Renovating? How To Stay On Track.
Wednesday Oct 28th, 2020Share
If you aren't careful it's easy to overspend during a renovation. Before you even begin, it's important to sit down and write out your ‘must-haves’ and ‘nice-to-haves’. This is a great article so you keep control over the process, time & budget...
Managing ‘While We’re At It’ Syndrome to Stay On Time and On Budget
You probably already know it’s important to stay on track when renovating your home – getting multiple bids and references for reputable contractors and researching everything in advance helps you make smart design and construction choices. However, many homeowners get swept up, up and away the moment a wall comes down or the flooring is pulled up. You see, that’s when a sneaky little thing called scope creep rears its ugly head, threatening to toss your budget and your schedule straight out the window.
It goes something like this: “Hmm, while we’re at it, shouldn’t we also convert the attic into a gaming room and wire the whole house for a potential home theatre system?” Or, “Hey, I know we planned to match the new hardwood floor to our existing one, but while we’re at it, let’s rip everything out and lay new flooring.”
Before you add things to your contractor’s list, consider this: Changing your mind mid-way through a project has consequences, and last-minute decisions are often the wrong ones. These moves can add lengthy delays that annoy your neighbours, too. We spoke with two REALTORS® who are also general contractors about how you can stick with your plans (and your budget) without sacrificing the beautiful home you want.
Understand the big picture
Good contractors will take the time to walk you through your project’s timeline and workflow, says Matthew Watson, a REALTOR® and contractor with Real Estate and Rejuvenate in Calgary. That includes understanding how every new request during the project triggers changes in the schedule and the budget.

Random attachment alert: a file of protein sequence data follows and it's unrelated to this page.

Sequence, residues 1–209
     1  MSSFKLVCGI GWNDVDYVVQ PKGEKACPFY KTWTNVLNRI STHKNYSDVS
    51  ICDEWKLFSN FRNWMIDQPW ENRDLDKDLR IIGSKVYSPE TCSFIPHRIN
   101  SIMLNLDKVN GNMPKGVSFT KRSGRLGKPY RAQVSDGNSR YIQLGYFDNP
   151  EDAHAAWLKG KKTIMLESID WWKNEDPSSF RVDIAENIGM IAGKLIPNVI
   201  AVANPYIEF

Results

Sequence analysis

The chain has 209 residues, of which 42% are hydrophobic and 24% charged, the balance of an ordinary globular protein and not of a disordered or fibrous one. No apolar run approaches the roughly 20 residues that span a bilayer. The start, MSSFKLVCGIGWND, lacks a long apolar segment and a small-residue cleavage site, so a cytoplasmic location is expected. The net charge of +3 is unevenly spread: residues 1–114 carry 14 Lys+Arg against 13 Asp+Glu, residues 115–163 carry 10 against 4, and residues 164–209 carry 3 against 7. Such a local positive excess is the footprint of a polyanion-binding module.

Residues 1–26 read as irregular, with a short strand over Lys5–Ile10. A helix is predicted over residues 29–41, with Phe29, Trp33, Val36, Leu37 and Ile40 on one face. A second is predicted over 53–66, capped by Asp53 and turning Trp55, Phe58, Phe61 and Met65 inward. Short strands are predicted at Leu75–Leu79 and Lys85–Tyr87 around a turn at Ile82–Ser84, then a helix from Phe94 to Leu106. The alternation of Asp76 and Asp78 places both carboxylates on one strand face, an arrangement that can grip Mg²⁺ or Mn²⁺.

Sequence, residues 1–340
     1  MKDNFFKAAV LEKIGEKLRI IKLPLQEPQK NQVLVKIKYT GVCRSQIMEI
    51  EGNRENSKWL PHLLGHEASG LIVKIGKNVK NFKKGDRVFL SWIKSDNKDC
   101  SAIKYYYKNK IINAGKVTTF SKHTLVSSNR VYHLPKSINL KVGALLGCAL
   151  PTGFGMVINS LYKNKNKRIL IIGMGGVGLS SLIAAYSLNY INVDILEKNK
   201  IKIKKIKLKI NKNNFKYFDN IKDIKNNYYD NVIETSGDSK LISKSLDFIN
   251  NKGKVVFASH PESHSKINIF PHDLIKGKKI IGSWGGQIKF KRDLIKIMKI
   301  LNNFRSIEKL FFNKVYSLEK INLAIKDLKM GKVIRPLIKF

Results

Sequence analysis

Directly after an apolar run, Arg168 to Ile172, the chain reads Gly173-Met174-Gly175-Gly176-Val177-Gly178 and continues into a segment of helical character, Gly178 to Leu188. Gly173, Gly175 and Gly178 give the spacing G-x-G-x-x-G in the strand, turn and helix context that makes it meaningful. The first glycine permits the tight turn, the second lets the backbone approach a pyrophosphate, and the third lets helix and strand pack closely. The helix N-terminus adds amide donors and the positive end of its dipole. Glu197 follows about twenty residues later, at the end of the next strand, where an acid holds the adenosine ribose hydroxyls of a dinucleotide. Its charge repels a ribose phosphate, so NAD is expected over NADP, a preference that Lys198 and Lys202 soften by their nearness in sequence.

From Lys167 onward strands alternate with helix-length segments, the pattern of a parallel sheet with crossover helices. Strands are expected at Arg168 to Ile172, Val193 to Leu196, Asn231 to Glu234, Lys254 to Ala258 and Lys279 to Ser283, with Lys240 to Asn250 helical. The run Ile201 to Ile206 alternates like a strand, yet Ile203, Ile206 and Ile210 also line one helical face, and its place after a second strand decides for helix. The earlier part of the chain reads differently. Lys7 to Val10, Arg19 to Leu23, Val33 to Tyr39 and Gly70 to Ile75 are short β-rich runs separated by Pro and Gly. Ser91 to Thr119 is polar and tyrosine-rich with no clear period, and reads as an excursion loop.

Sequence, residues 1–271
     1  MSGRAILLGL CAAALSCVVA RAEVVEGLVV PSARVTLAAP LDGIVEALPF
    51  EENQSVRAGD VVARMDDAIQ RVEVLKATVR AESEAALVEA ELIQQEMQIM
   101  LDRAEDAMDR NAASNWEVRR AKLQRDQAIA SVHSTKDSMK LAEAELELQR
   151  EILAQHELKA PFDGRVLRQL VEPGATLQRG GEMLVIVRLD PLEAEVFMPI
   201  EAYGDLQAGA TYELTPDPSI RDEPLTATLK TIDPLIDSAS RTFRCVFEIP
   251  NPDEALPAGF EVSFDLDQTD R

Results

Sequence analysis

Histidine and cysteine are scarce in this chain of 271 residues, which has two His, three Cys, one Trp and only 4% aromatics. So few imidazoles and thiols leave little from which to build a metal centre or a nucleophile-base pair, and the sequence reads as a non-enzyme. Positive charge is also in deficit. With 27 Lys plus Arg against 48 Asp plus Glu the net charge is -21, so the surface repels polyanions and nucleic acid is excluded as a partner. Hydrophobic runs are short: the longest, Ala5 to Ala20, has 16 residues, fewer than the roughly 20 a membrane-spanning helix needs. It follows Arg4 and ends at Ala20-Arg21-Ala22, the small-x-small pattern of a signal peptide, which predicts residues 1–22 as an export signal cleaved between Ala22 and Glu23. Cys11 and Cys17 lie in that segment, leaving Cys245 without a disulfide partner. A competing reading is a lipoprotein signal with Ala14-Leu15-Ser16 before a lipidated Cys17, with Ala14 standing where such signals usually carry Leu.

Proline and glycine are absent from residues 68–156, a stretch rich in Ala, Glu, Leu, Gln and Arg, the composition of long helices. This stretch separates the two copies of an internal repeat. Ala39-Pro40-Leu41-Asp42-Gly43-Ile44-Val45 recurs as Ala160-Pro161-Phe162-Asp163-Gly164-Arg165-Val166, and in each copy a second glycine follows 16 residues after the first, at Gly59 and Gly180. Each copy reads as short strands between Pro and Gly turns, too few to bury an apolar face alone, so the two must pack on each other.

“When you have a contractor you trust, they’ll lay out all the options in detail, and leave it up to you,” explains Watson.
Figure out your must-haves vs. your wish-we-could-haves
Before anyone swings a sledgehammer, your contractor can help you prioritize the project components, says Ali Shakeri, a chartered real estate broker with Ramier Realty and president of Eco-Nature Construction in Montreal.
“I’ve seen ‘while we’re at it’ getting homeowners into a lot of trouble; small projects get turned into huge ones,” says Shakeri, who recommends thinking about how long you plan to stay in your home and tabulating your needs based on that principle.
“I always separate their list into ‘must-haves’ or ‘nice-to-haves’, with an estimate next to each item.”
Once you can see how far your budget will go, it’s easier to make smart decisions.
Know the difference between a tweak and an overhaul
It’s one thing to swap out a bathroom faucet or add in a skylight if you’re already re-doing your roof. It’s quite another to request a two-story bay window, as Watson’s client recently did.
“If you have $70,000, I could absolutely throw in that bay window,” he told them.
“First, we’d have to bring in a structural engineer, then we’d have to redo your plans. By the time we open up the structural walls, re-support and tie that into your roof, we’re redoing your roof and exterior walls, plus insulation. Then, your flooring won’t match.”
Ask for do-or-die deadlines
Let’s say you can’t decide on paint colours. That’s OK, as long as you’re aware the painters have been booked for a specific time slot, says Watson.
“Most major projects subcontract some work, so your contractor should have the foresight to explain when your painters are coming in and that you can only change your mind until such-and-such a date,” he says.
Missing that window can push tradespeople off your project, because they’ll move on to something else, delaying your schedule.
Keep your contingency for unexpected problems, not last-minute add-ons
Some homeowners figure since their renovation budget includes money set aside for problems that crop up during the construction phase, those funds can instead be used for extras. For example, one homeowner asked Watson for a screened-in porch. After all, the existing remodel was going smoothly, so why not add this seemingly simple thing?
“His existing balcony was 10-feet off the ground, and his railing wasn’t to code. By law, as soon as I touch that railing, I have to bring everything up to the current building code, otherwise it’s not safe, and I’m liable,” explains Watson.
We get it: It’s sometimes challenging to avoid the temptation of adding on more projects during your remodel when so much is going on around you. That’s why working with your REALTOR® and a certified contractor right from the beginning can help your renovations run smoothly, with less stress and fewer unexpected expenses. Trust their experience and advice, and you’ll end up with a lovely home and not added surprises.